how to fry catfish

How to Fry Catfish the Right Way


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Fried catfish joins a long, sad list of regional southern dishes that are often done wrong, such as barbecue, grits, and fried chicken. It doesn't need to be this way with fried fish. Frying catfish right is a pretty simple procedure, as long as you take these few suggestions to heart. Like anything, a fried catfish dinner recipe is a methodical process. Once you find your rhythm, take note of each step you took, the time you spent on it, and make it a concrete routine. There are few things that taste worse than poorly cooked fish. And, if you're like us, the last thing you'd ever want is to waste something you were lucky enough to get yourself.

Keep in mind there are a number of ways to cook catfish, but frying it is undoubtedly the most popular choice. The carbohydrates and cholesterol may take a toll on your body, but it seems wrong to eat catfish that doesn't have that crispy blend of cajun and buttermilk. If you did want to expand your catfish cooking methods, you could try grilling or blackening with a pan-fried approach, and there's nothing to say you couldn't throw some cuts on a baking sheet and throw them in the oven. But few catfish enthusiasts will ever stray away from the classic fried nuggets.

That said, let's jump into a timeless southern fried catfish recipe.

Step 1: Before You Fry

The work you do during the prep time prior to frying will be decisive. For frying catfish fillets, your biggest concerns will be the size of the fillet, and careful preparation of the breading.

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Frying the whole fillet is a bad idea. Everyone knows that a larger fish fillet takes more time to cook, and time is always a liability when frying. Your fillet should be cut into small chunks or strips, and washed thoroughly before applying the breading. Whichever you decide, make sure the fillet is cut into thinner pieces.

The breading should be a mixture of cornmeal and a leavening agent, which could be all-purpose flour, baking soda or yeast. The leavened mix will make the breading crispier once it comes out of the fryer. For the best crust, you should apply two coats of breading.

You'll need an egg wash for this, but that's pretty easy to make--it's just a mix of egg yolk and milk that adds flavor and holds the breading together. After washing your fish, apply a thin coat of breading, kosher salt, and ground black pepper. If you're feeling adventurous, don't be afraid to spice things up by adding creole or cajun seasoning, cayenne pepper, paprika, lemon pepper, or Old Bay to your cornmeal mixture.

Shake off excess and then brush with egg wash until you have an even layer. Finish it off with another coat of breading. The layered approach helps the breading stick better, ensuring a thick, even crust with no cracks.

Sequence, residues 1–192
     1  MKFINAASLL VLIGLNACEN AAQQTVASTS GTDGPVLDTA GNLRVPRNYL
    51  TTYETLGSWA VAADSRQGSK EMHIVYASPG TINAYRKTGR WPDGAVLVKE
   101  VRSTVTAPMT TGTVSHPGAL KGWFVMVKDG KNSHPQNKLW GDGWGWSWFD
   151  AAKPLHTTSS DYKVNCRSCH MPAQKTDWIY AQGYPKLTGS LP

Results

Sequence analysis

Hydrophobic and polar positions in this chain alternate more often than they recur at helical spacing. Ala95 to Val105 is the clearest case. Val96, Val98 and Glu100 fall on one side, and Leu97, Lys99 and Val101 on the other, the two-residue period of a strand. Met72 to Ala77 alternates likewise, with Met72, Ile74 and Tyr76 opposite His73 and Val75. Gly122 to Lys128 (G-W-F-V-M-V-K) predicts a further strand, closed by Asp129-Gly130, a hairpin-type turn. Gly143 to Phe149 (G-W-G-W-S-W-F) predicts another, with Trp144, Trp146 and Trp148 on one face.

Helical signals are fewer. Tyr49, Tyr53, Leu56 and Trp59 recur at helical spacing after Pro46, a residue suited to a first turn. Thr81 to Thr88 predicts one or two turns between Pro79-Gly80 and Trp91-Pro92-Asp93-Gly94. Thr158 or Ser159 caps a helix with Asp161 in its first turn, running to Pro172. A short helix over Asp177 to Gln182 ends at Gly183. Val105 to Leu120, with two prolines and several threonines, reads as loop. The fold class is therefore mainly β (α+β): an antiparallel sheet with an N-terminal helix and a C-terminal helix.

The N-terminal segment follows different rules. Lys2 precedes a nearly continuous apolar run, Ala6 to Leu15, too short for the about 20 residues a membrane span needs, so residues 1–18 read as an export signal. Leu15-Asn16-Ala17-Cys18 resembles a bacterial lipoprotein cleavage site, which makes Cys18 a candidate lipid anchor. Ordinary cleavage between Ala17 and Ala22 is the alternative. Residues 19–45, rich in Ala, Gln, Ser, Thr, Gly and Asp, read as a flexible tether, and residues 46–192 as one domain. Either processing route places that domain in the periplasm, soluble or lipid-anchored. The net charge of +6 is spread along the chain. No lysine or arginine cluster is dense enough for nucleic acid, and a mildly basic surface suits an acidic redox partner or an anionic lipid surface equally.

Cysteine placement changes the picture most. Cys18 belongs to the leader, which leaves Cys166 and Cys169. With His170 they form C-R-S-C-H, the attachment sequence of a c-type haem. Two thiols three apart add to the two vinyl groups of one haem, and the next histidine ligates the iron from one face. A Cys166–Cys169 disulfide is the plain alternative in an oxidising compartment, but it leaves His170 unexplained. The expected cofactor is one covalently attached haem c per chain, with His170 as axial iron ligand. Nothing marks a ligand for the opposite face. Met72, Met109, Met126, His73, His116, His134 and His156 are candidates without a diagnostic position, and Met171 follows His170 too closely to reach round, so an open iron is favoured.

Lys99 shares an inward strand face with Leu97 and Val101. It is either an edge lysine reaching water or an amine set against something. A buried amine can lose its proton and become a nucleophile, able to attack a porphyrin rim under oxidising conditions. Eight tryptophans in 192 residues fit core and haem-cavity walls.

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Step 2: The Fryer

Peanut oil is preferred, Crisco and lard are good alternatives for the peanut-allergic. Sources are split on whether to use a deep fryer or a dutch oven, but that's a matter of taste and what's on hand. You just want to make sure that you're deep frying, and that you're not using canola oil.

The ideal temperature for the hot oil is 350 degrees--not lower than that, and not too far over it. This is important, because the temperature of the oil influences how much gets absorbed. Soggy, oily catfish is usually a result of cooking at too low a temperature.

Frying anything is a delicate process, so make sure you're temperatures are set right, and also make sure you don't drop your fish in there prematurely.

Step 3: Resting and Serving

It's pretty easy to tell when a piece of catfish is done frying. It will float to the top when it's nearly done. However, make a note of the cook time, as having that routine to follow will always be a lifesaver. Once the crust is golden brown, remove it from the oil and set it on a paper towel. Then comes the critical final step: dabbing the excess oil. A lot of oil is absorbed while the fish is resting, and you need just the right amount to soak in. Too much gets you soggy, unpleasant fish, while too little leaves you without the flavor and mouthfeel that's the entire point of frying.

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This takes a practiced touch, and you'll need to experiment a few times to find the right crispy balance. Side dishes that you can serve with your fried catfish are endless, but coleslaw and cornbread are two fan favorites. If you don't squeeze lemon juice on your catfish while it's still in the pot or cast iron skillet, you can always serve lemon wedges on the side for people to add themselves. Additionally, you can never go wrong with offering up a side of tarter sauce, a classic seafood dipping sauce.

Once you get in the hang of this fried fish recipe this without having to give it too much thought, it'll become an easy weeknight meal when time is limited. Just make sure you watch out for those carbs. Catfish is one of the most popular fish to cook at home for a number of reasons. Not only is it delicious when done correctly, but if you get into them and catch a bunch, you can fill your freezer up in a hurry.

So get out there, catch some catfish and start frying!

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